"Braveman and Suarez-Balcazar (2009, p. 13 ) noted that “social justice is a broad term that encompasses several interrelated concepts, such as equality, empowerment, fairness in the relationship between people and the government, equal opportunity, and equal access to resources and goods.” [. . .] Braveman, B., & Bass-Haugen, J. D. (2009). From the Desks of the Guest Editors—Social justice and health disparities: [empasis added]

          Therefore, I am actually dealing with a point you brought into the forum. You yourself quoted the idea of government involvement from your published articles in AJOT.

          That quote above completely CONTRADICTS your claim that your comments on the OTConnections social justice forums were “personal opinions and were not meant to be supported directly by the articles published in AJOT.”  In fact, as it regards the only relevant statement that I compared, the statement regarding your “no government involvement” thesis, you did exactly what you are now denying you did.

         It seems that you forgot this when you claimed in your Dec. 7 comments that you were not meaning to use your published articles to support your opinions in the forum.

          In my article, I could have just as well used your post quoting yourself to prove the contradiction in your statements, without having to have read your published work. But for the sake of thoroughness, I addressed the statements in your main article for AJOT, rather than those in your first article quoted above, because that first article was really just an introduction to the AJOT edition.

          It is easy to say, as you did in your Dec. 7, 2012 comments, that you were writing for “very different reasons” in OTConnections versus your scholarly work. That statement, however, does nothing to explain the exact issue I address: that issue is that these statements are THE EXACT OPPOSITE. And because they are the exact opposite, I went on in Volume One to examine the full context in which you stated the “no government involvement” thesis. I then looked at several paragraphs from the post where you stated your thesis and I explained the context, which was your response to Professor Carson. But, as mentioned, I never had to go through this detailed exercise of showing your contradiction because your post in green above already revealed it.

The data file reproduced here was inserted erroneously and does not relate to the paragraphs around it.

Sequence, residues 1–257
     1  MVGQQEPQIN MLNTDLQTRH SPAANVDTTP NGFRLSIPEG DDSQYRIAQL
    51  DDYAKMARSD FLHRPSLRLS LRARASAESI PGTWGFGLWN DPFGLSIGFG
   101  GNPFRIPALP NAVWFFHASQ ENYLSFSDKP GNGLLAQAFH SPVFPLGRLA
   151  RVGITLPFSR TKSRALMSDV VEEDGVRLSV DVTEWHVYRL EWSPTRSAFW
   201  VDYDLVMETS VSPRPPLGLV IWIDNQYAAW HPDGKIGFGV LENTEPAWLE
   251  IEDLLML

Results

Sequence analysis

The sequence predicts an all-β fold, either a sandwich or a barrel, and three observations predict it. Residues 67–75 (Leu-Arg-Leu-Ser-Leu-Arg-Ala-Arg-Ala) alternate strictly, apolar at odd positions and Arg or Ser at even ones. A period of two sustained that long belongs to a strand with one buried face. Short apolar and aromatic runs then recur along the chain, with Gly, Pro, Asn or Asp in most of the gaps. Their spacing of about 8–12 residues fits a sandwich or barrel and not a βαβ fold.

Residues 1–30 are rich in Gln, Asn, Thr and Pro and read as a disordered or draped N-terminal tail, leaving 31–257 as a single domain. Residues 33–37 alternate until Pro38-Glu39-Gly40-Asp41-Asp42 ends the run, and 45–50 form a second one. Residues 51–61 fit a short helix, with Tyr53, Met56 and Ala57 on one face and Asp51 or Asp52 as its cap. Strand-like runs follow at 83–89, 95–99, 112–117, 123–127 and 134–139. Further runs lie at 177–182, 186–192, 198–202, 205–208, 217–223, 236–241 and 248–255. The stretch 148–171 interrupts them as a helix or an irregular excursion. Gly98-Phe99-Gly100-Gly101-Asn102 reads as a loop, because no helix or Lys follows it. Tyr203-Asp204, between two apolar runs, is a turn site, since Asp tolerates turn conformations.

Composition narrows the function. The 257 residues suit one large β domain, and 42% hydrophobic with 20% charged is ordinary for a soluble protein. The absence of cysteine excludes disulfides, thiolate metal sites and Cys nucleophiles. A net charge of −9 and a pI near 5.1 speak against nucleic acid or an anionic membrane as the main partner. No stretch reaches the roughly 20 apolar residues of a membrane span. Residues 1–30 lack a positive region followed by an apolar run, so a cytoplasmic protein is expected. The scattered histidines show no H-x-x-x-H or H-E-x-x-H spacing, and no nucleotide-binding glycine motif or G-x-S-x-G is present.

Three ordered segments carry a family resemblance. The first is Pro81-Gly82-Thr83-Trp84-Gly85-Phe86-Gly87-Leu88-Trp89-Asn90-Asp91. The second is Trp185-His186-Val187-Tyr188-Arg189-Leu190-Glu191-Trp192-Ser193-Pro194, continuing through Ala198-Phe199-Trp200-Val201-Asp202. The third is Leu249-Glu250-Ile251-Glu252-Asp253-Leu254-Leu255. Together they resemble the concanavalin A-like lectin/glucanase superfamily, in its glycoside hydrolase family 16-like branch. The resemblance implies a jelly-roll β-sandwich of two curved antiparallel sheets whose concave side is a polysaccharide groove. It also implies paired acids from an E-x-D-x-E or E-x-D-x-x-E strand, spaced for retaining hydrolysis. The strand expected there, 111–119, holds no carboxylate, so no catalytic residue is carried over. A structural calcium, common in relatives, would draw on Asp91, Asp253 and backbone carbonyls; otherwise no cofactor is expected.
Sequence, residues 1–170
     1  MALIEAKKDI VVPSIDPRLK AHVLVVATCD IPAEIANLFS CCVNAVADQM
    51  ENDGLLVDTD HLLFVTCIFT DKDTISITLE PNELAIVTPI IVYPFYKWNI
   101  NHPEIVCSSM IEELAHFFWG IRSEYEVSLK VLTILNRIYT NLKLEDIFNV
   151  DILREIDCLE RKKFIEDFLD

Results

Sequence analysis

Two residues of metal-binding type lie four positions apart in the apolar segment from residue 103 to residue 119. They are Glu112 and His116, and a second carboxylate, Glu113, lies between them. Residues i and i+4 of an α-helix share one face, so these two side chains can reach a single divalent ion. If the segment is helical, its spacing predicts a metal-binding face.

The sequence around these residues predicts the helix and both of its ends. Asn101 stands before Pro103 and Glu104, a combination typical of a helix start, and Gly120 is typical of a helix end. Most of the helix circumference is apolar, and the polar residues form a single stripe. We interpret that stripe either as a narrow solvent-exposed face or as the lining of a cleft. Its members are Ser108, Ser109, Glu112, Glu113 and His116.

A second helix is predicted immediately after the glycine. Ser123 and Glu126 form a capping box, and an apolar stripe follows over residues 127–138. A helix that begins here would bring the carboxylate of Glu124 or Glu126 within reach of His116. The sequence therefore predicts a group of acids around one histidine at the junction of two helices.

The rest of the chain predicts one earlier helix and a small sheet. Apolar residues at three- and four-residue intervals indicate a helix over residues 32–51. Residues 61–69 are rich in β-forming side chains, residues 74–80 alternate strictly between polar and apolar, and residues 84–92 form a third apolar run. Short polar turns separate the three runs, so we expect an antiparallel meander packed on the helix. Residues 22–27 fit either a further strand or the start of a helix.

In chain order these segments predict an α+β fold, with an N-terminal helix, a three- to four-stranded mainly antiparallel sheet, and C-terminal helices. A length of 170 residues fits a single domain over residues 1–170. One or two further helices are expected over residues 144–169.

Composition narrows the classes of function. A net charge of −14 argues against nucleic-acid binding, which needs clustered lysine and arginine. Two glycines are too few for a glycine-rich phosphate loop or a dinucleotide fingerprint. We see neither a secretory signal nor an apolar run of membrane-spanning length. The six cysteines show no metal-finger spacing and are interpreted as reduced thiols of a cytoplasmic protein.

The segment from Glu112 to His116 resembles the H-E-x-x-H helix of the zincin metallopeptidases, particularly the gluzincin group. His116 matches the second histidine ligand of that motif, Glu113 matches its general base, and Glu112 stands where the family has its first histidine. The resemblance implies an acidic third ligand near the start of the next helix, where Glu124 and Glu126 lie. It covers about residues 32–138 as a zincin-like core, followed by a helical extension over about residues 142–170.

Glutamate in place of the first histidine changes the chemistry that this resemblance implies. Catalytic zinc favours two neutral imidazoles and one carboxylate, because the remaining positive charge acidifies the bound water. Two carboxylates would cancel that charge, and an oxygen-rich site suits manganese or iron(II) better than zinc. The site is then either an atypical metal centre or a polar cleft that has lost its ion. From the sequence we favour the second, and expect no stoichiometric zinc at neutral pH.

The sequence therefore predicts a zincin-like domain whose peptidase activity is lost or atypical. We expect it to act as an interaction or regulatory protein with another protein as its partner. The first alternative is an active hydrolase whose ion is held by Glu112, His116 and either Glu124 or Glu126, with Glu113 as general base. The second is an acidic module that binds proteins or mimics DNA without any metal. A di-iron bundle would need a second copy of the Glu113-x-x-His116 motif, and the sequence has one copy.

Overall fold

With your contradictions now plain, can you please explain how your statements from the OTConnections posts which I analyze and your scholarly work I refer to are “apples and bananas”?

          In fact, you must explain how these specific statements – the “no government involvement in social justice” thesis stated in the forum versus the opposite statements made in your published work  – you must explain how these statements are “apples and bananas” for your argument to make any sense. You cannot just make a pronouncement. You have to give an explanation.

          Is it your personal opinion that social justice does not require the involvement of government at any level, and it makes you sad that people would suggest such a thing, but that it is your scholarly opinion that social justice does in fact require the involvement of the government? Have you bothered to examine the result of logically connecting these statements? The result of connecting these ideas is that you make your “personal self” sad when your “scholar self” writes about social justice. You clearly did not intend to say that. Your faulty logic gets lost with the general claim about “apples and bananas” because it hides the absurdity of the statement when examined in specificity.

          Also, it is very easy to claim that what I wrote was not fair and not accurate, but it is a different matter to actually explain that I was not those things. Anyone can claim unfairness and inaccuracy, and so they should if their ideas have been treated unfairly and inaccurately. But then you have the burden of explaining that that is actually the case. Charging someone with being unfair and inaccurate can just as easily be unfair and inaccurate. That is why the one making these charges must show that that was the case, and not just pronounce it so. That is why I took the time to address your statements in the forum, which I found to be unfair and inaccurate.

          POINT FOUR: The Ultimate Issue is Whether the Statements Examined in These Volumes Represent Your Beliefs

          The ultimate issue here is whether you carefully chose the words in the statements I examined in these three volumes so that they reflected your true beliefs at the time you stated them. Here is a statement, part of which I examined in Part 5, Volume Two:

          Wed. Feb. 23, 2011 11:36 PM “I'll say it again ..... Social justice does not need to be problematic for anyone regardless of their political views or concerns over use of federal resources unless you want to make it so............” (see OTConnections: “Motion 2 Ethics Revision- Social Justice,” Feb. 24, 2011 9:32 PM,, accessed Sept 25, 2011) (bolded by Dr. Braveman).

          You had actually said the same thing a little earlier: